Stanford University officials are facing a mountain of decisions regarding what to do with Searsville Reservoir, which is slowly filling up with silt, in addition to dealing with a federal investigation for possible violations of the Endangered Species Act.
Officials took reporters on a tour of the dam and reservoir Wednesday afternoon, Jan. 16, to demonstrate the complexities they are up against, with probably 20 years left before the lake might dry up.
The lake west of Interstate 280 is currently about 90 percent full of silt that has washed down from the creeks that feed into the reservoir. Roughly two-thirds of the lake area is now forested wetlands that have been reclaimed by trees and plants after 120 years' worth of silt has filled the valley.
Searsville is located in what is now Jasper Ridge Biological Preserve on Stanford land. The dam was built between 1888 and 1892 by the private Spring Valley Water Company, which was to supply water to San Francisco, Stanford professor David Freyberg said. Stanford acquired the reservoir and dam in 1919, but sediment problems were known even then, he said.
The steering committee hopes to finish its studies by 2013, but realizes that it won't be making recommendations until 2014 -- whether to restore the lake through dredging, allow the lake to fill in, partially excavate it, or divert the water to another area such as Felt Lake, officials said.
But aside from the expense involved in removing and disposing of the millions of tons of silt, what happens to Searsville could affect water flows downstream along San Francisquito Creek. Searsville was not built for or intended for flood control, Freyberg said, but it has been affecting the downstream environment for more than a century.
Palo Alto, Menlo Park and East Palo Alto are now all built up with homes and businesses abutting the creek. What effect removing the dam might have on downstream flooding has not yet been analyzed.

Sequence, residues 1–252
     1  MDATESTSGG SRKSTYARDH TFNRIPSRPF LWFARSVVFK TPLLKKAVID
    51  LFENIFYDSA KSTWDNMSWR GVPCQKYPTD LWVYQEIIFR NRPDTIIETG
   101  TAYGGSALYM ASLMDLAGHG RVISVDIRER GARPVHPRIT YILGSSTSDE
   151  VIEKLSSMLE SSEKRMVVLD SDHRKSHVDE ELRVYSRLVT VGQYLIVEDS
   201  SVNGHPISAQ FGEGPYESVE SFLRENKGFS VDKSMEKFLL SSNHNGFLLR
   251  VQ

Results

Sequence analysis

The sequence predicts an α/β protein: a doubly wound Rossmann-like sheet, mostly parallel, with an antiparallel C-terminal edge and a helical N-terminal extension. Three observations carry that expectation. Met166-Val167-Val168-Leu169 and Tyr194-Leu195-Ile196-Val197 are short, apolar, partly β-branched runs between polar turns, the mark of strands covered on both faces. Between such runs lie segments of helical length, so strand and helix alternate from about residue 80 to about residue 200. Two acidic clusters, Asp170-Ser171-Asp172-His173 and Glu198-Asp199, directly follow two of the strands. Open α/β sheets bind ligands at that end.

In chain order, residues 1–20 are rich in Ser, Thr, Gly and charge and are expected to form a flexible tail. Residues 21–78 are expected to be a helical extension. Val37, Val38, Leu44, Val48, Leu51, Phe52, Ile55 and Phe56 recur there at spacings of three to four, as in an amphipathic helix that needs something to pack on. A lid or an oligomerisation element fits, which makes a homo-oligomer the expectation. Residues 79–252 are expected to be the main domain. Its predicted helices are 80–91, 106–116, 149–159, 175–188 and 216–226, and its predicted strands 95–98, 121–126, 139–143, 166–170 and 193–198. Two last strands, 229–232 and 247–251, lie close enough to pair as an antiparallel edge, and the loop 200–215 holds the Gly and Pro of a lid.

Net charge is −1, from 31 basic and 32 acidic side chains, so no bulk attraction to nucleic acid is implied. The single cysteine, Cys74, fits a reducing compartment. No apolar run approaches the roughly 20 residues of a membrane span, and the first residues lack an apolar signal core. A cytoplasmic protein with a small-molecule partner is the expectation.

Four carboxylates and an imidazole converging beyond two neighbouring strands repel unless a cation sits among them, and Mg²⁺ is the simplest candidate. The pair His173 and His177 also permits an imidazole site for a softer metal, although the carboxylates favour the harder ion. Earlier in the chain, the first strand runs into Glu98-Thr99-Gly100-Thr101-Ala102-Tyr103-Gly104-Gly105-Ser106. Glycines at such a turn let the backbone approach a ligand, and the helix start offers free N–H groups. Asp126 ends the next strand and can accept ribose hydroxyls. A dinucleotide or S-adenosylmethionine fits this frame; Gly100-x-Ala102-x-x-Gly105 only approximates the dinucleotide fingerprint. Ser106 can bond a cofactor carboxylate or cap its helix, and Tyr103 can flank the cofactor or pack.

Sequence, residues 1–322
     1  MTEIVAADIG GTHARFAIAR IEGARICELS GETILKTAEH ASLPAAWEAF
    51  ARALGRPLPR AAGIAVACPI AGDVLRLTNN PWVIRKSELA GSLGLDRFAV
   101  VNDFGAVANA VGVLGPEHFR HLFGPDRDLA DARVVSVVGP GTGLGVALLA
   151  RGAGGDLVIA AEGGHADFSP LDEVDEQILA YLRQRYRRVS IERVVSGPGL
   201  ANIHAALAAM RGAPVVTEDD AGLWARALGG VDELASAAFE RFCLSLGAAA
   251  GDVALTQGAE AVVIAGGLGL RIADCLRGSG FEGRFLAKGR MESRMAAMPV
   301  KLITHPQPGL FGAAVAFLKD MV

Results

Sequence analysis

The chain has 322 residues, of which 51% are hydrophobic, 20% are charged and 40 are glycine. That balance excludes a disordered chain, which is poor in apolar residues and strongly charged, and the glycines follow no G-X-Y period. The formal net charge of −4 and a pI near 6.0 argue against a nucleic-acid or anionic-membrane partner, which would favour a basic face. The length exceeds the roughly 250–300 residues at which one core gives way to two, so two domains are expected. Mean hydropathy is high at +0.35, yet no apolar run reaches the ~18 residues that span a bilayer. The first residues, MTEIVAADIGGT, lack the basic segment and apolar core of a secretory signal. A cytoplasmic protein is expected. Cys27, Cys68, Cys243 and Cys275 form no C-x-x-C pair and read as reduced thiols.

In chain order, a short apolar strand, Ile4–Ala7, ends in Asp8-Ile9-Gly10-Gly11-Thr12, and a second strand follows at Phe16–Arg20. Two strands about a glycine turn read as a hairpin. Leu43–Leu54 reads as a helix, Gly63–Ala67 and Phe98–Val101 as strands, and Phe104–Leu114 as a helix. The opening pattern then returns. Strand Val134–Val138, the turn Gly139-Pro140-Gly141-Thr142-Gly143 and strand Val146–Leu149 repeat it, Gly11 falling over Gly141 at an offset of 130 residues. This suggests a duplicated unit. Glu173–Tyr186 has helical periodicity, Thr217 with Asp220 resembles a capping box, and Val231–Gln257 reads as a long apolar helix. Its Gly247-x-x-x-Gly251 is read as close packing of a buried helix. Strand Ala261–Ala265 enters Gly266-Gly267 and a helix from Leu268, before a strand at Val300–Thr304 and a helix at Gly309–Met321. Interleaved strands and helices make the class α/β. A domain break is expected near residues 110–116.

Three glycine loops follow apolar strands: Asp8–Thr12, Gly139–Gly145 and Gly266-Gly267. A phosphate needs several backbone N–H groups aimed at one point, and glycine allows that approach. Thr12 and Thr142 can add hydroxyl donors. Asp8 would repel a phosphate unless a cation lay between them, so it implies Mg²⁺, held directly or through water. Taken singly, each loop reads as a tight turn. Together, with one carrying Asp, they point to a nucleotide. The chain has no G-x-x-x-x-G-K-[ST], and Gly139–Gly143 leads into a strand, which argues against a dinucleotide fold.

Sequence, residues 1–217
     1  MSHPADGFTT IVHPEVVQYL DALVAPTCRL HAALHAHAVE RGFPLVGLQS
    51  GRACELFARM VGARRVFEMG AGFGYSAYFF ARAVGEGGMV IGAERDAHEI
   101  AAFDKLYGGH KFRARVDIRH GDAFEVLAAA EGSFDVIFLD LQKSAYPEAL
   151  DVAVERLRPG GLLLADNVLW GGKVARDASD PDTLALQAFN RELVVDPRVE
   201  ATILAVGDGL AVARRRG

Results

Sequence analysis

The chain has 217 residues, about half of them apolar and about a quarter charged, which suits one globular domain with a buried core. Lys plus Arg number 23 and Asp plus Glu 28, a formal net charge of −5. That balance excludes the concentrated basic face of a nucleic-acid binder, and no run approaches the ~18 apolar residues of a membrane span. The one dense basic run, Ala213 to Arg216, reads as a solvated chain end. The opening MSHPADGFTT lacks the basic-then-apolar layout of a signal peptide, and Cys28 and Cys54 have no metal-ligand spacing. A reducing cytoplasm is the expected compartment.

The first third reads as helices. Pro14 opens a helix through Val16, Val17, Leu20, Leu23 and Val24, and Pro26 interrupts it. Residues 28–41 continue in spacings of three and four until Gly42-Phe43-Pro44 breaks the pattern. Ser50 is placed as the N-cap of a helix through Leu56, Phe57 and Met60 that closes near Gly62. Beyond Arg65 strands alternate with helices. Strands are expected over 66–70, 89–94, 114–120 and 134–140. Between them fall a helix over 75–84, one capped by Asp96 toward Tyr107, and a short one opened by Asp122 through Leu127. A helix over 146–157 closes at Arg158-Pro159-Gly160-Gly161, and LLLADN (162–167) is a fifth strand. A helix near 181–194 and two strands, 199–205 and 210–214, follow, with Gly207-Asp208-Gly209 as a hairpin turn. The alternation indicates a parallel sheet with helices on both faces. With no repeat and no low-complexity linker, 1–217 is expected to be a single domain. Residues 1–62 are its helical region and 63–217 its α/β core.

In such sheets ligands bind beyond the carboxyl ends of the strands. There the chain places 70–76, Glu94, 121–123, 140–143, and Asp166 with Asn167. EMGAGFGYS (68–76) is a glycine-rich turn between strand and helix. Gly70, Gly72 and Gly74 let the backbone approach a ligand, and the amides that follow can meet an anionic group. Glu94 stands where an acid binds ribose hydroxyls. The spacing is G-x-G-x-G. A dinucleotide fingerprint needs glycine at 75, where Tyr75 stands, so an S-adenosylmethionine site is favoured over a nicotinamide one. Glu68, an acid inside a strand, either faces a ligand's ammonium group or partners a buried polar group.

Stanford relies on the reservoir for 20 percent of its non-potable water for irrigation uses. Land-use issues, sensitive archaeological sites, and the effect on 130 migrating bird species, native plants and sensitive and endangered species such as the red-legged frog and steelhead trout, are among many issues related to Searsville, which sits in an environmentally sensitive area.
Because the dam does not allow the steelhead to swim upstream to spawning grounds, some environmental groups have demanded the university remove the dam. Beyond Searsville Dam and other organizations complained to the National Marine Fisheries Service, which has confirmed it is looking into investigating whether the impediment to the fish constitutes a "taking" of the species that would violate the Endangered Species Act.
Stanford spokeswoman Jean McCown, who is on the advisory task force looking into the many alternatives, said the federal investigation would not sway Stanford from taking a "responsible approach" to seeking a solution that would satisfy the many concerns the project poses. The university has been working regularly with the National Marine Fisheries Service on the project, but the investigation is coming out of a separate law-enforcement branch, she said.
The task force plans to have a list of options by the end of 2014, which would then be sent to university administrators for consideration. Many federal, state and local regulatory agencies will have to weigh in on and approve any plan.
Officials met with representatives of the San Francisquito Creek Joint Powers Authority on Tuesday to discuss flooding issues related to Palo Alto, Menlo Park and East Palo Alto, McCown said.
LISTEN ONLINE: David Freyberg talks about the history and engineering of Searsville Dam and Reservoir and why it is 90 percent full of silt on Wednesday, Jan. 16 (6 minutes).